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I've said this before.... - KRAD's Inaccurate Guide to Life
ramblings from a mad fedora'd writer
I've said this before....
...but it bears repeating. I was going to post this elsewhere on teh intarwubs, but then my Life's-Too-Fucking-Short-O-Meter went off, and I didn't post it.

But I saved the text and reproduce it here:

The ceiling of the Sistine Chapel painted by Michelangelo was a media tie-in work-for-hire. If Pope Julius II didn't like one of the frescoes, then Michelangelo hauled ass to change it, because the Pope was the one who commissioned the work. In fact, Michelangelo considered himself a sculptor and hated painting, and didn't particularly want to paint the ceiling, but he did it because he was a working artist and Pope Julius was the guy paying him.

The myth of starving artists, and of artists who create whatever they want in order to fulfill a vision regardless of what lesser minds want is just that: a myth, mostly perpetuated by artists who can't sell their work. Most of the greatest works of art in the history of humanity weren't created because the artists had a great vision they had to share with the world, they were created because the artists were paid to do it: the Parthenon, Shakespeare's plays, Michelangelo's ceiling, they were all commissioned pieces. And if the person doing the commissioning wanted changes, then the artist changed it.

Current Mood: determined determined
Current Music: "Riu, Riu, Chiu" by Andrew Parrott

19 comments or Please comment
scarlettina From: scarlettina Date: December 21st, 2008 01:49 am (UTC) (Link)
What brought on the rant replay, Keith?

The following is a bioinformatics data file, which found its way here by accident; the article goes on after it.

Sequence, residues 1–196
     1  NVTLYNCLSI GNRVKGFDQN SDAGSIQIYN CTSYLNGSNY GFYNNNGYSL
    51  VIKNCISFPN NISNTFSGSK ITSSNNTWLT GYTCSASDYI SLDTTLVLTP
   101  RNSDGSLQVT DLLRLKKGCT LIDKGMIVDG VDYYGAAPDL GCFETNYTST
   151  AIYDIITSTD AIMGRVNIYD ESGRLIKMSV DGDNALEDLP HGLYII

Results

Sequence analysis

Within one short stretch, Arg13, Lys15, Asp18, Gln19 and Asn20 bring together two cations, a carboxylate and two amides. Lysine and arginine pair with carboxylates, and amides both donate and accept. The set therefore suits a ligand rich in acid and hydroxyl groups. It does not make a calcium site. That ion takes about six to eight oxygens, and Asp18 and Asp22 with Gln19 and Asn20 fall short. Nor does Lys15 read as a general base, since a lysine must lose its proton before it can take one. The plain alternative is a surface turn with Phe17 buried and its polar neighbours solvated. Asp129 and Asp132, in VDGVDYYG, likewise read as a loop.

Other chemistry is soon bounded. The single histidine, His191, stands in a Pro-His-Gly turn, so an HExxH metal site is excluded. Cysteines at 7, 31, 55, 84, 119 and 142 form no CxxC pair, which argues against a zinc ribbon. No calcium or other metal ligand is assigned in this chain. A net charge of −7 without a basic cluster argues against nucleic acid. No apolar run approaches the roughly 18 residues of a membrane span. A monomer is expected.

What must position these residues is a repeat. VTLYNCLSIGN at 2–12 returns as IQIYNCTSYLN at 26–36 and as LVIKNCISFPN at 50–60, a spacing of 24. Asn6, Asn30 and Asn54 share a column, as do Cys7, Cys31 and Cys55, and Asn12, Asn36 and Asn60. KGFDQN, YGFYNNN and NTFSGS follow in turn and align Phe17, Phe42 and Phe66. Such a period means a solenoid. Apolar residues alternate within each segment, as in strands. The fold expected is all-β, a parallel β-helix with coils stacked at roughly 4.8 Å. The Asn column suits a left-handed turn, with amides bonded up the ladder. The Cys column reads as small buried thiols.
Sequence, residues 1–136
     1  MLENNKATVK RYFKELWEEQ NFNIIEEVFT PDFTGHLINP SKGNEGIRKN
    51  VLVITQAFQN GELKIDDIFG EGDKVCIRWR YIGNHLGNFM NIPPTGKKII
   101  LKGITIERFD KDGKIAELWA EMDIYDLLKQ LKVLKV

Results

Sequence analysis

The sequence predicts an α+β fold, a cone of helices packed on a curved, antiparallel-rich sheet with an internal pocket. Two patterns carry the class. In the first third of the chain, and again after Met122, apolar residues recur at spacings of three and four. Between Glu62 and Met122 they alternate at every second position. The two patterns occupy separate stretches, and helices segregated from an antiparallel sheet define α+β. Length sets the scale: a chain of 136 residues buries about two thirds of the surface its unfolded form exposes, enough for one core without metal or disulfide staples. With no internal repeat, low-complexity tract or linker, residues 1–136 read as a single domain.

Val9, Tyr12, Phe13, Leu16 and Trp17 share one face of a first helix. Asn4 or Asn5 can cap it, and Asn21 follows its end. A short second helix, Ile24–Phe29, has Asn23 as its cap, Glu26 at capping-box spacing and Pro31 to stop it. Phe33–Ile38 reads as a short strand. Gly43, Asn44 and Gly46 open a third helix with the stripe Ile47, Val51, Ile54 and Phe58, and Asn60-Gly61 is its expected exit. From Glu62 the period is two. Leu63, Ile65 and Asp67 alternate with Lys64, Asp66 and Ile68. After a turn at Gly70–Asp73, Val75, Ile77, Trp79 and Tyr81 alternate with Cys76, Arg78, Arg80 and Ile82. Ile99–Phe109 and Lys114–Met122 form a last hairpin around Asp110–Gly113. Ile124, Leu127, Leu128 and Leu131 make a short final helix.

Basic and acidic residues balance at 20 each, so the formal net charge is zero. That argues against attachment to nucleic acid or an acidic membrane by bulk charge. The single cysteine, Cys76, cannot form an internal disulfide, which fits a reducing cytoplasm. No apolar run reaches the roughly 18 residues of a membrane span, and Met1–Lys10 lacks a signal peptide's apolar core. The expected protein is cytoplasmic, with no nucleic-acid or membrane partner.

kradical From: kradical Date: December 21st, 2008 01:53 am (UTC) (Link)
I'd rather not say. (If I was willing to say, I would've posted it in the original place....)
thatwasjen From: thatwasjen Date: December 21st, 2008 02:06 am (UTC) (Link)
saraphina_marie From: saraphina_marie Date: December 21st, 2008 02:08 am (UTC) (Link)
We were just talking about that tonight in fact. Not you in specific or even media tie-in, but the idea that to be a "real" artist you have to a) starve, b) the totally obtuse and "literary", and c) not be writing to market, being picked up by a publisher anyone has heard of, and not be making any money off of your work (because that's "selling out").

Amen, my friend. Keep fighting the good fight and writing the good books!
suricattus From: suricattus Date: December 21st, 2008 02:29 am (UTC) (Link)
oh but it's such a pretty button, all red and sparkly and just asking to be pushed.......
drewshi From: drewshi Date: December 21st, 2008 03:36 am (UTC) (Link)
I love telling the kids about how Shakespeare was as much a con man in many respects as he was a great writer as history portrays him. The best is when I explain how he created the supernatural elements in Macbeth in order to keep King James amused and diverted, right down to King Edward's magical healing touch.
dungeonwriter From: dungeonwriter Date: December 21st, 2008 03:37 am (UTC) (Link)
May I link to this back to you in my journal? It's genius!
kradical From: kradical Date: December 21st, 2008 03:39 am (UTC) (Link)
By all means!
dungeonwriter From: dungeonwriter Date: December 21st, 2008 03:40 am (UTC) (Link)
Thank you!

Can't wait to finally see you talk at Comic Con NY. It will be nice to put name to blog.
kradical From: kradical Date: December 21st, 2008 03:44 am (UTC) (Link)
But no pressure..... *laughs*

(Seriously, though--likewise! As soon as I have a proper schedule, I'll post it here....)
ellyssian From: ellyssian Date: December 21st, 2008 04:05 am (UTC) (Link)
But... it's art, not a commodity!

“It is sickening to know that our art is being traded like a commodity rather than the art that it is."

- Lars Ulrich, Metallica, as quoted when suing Napster because they weren't getting paid for music that was traded.

~ ~ ~

You could add most classical music pieces to that list as well - Mozart's Requiem, perhaps most famously of all, was commissioned by a noble who attempted to pass the work off as his own.

If you haven't already done so, check out Peter Shickele's Bach Portrait on YouTube to hear some excerpts of what JS Bach spent his time thinking about when he wasn't composing. =)

alpinemaps From: alpinemaps Date: December 21st, 2008 04:16 am (UTC) (Link)
As a cartographer, I can completely appreciate this. And this is something that I have to share with 'newer' cartographers. They want to spend days and days (on commissioned pieces), perfecting them, and getting them the way they want it. But, does it meet the customer's needs? That's all that matters.